In 1990, the United Nations General Assembly created the United Nations Drug Control Programme (UNDCP). The creation of UNDCP will be based on the recognition of the need for an organization that would foster concerted international action against illicit drug production, trafficking and abuse. Its formation is evidence of the determination of the governments of the world, working through the United Nations (UN) to put an end to these transnational phenomena.
1.2 Statement of the Problem
Drug use is a worldwide phenomenon, and drug use occurs in almost every community. The specific drug or drugs used varies from country to country and from region to region. Worldwide, the three main drugs of use are cannabis (such as marijuana), opiates (such as heroin), and cocaine. Although individual countries have their own drug laws, in general, drug possession, sale, and use are illegal. Unfortunately, laws are not always equally enforced in countries around the world. Drug abuse (especially among the youth and young adults) is responsible for lost wages, destruction of property in schools, soaring health care costs and broken families.
It is a problem which affects us all as parents, children, teachers, government officials, taxpayers and workers. Despite eradication efforts in countries in Africa, the region still remains a major supplier of some drugs such as cannabis, which is one of the most widely abused drugs. Since the early nineteen eighties, Africa has been experiencing an escalating problem with drug abuse and trafficking. Although reliable information is scarce, data collected under the Eastern Africa Drug Information System/Global Assessment Programme (EADIS/GAP), country mission reports coupled and small-scaled research activities conducted by governments and non-governmental organizations all attest to this (Madaki, 2014).
Nigeria, like many other developing countries, is faced with the social problem of high rates of substance abuse. To make matters worse, the percentage of substance abusers in schools increases yearly despite the efforts to eradicate the problem. Failure to solve this problem not only threatens the life of individuals, but also the economic and social development of the country as a whole.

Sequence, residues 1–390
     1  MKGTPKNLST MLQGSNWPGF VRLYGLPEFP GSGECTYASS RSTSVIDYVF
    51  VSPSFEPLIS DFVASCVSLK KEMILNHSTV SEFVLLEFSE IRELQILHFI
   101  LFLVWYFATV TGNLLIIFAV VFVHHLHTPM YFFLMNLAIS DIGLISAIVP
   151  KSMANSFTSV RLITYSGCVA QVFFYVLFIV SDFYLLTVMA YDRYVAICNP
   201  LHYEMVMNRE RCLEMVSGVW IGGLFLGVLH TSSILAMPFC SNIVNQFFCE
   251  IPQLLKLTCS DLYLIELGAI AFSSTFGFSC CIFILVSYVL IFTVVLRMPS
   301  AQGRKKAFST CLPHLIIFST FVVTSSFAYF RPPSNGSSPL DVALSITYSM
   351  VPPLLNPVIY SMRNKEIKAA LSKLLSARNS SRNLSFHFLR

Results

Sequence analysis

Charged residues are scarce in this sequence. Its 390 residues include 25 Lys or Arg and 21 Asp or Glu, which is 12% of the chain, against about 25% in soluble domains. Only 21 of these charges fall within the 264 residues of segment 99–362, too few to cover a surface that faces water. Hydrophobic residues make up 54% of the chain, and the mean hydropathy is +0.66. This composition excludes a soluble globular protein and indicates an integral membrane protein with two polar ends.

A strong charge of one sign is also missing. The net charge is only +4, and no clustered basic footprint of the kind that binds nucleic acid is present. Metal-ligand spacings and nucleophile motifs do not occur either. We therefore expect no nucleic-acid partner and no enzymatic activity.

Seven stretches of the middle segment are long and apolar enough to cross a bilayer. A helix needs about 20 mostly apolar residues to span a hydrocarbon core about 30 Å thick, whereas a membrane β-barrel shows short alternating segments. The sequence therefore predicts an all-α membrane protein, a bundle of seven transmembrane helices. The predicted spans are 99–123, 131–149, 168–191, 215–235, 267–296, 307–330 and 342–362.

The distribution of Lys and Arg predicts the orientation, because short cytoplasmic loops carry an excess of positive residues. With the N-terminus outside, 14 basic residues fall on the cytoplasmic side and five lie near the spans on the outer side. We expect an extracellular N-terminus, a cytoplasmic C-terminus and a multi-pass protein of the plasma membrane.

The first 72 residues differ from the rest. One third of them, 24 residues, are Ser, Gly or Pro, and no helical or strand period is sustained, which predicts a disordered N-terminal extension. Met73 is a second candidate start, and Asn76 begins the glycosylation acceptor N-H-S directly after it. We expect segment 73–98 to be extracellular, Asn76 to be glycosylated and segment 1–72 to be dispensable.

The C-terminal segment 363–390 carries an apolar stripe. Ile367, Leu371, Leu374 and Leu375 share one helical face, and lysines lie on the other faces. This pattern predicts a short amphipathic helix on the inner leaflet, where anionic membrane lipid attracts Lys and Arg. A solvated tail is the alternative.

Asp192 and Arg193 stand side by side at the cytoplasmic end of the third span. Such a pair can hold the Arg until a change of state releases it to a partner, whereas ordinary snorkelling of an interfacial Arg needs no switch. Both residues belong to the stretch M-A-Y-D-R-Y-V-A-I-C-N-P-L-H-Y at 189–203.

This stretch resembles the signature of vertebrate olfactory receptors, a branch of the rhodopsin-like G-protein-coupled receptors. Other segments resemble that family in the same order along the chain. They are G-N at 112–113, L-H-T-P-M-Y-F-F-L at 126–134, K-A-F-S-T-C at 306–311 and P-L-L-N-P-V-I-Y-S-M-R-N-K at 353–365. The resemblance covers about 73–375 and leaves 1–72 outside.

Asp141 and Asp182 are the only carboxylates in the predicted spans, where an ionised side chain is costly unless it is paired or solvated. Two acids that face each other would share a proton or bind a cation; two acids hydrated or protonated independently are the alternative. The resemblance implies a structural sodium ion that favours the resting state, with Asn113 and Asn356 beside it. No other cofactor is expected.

According to World Drug report (2012), the extent of global illicit drug use over the five years up to and including 2010, is at between 3.4 and 6.6 per cent of the adult population (persons aged 15-64). However, some 10-13 per cent of drug users continue to be problem users with drug dependence and/or drug-use disorders, the prevalence of HIV (estimated at approximately 20 per cent), hepatitis C (46.7 per cent) and hepatitis B (14.6 per cent) among injecting drug users continues to add to the global burden of disease, and, last but not least, approximately 1 in every 100 deaths among adults is attributed to illicit drug use.
With estimated annual prevalence ranging from 0.6 to 0.8 per cent of the population aged 15-64, the use of opioids (mainly heroin, morphine and non-medical use of prescription opioids) is stable in all of the main markets. Worrisome is that drug consumption has developed some key characteristics over the last few decades, against a backdrop of rapid socio-economic transitions in a number of countries. Illicit drug use is now characterized by a concentration among youth. Global estimates suggest that prevalence of tobacco use (25 per cent of the population aged 15 and above).
It is against this background that this study sought to find out the causes and effects of drugs abuse in Kaduna North Local Government Area of Kaduna State.
1.3 Purpose of the Study
The overall purpose of this study is to find out the causes and effects of drugs abuse in Kaduna North Local Government Area of Kaduna State.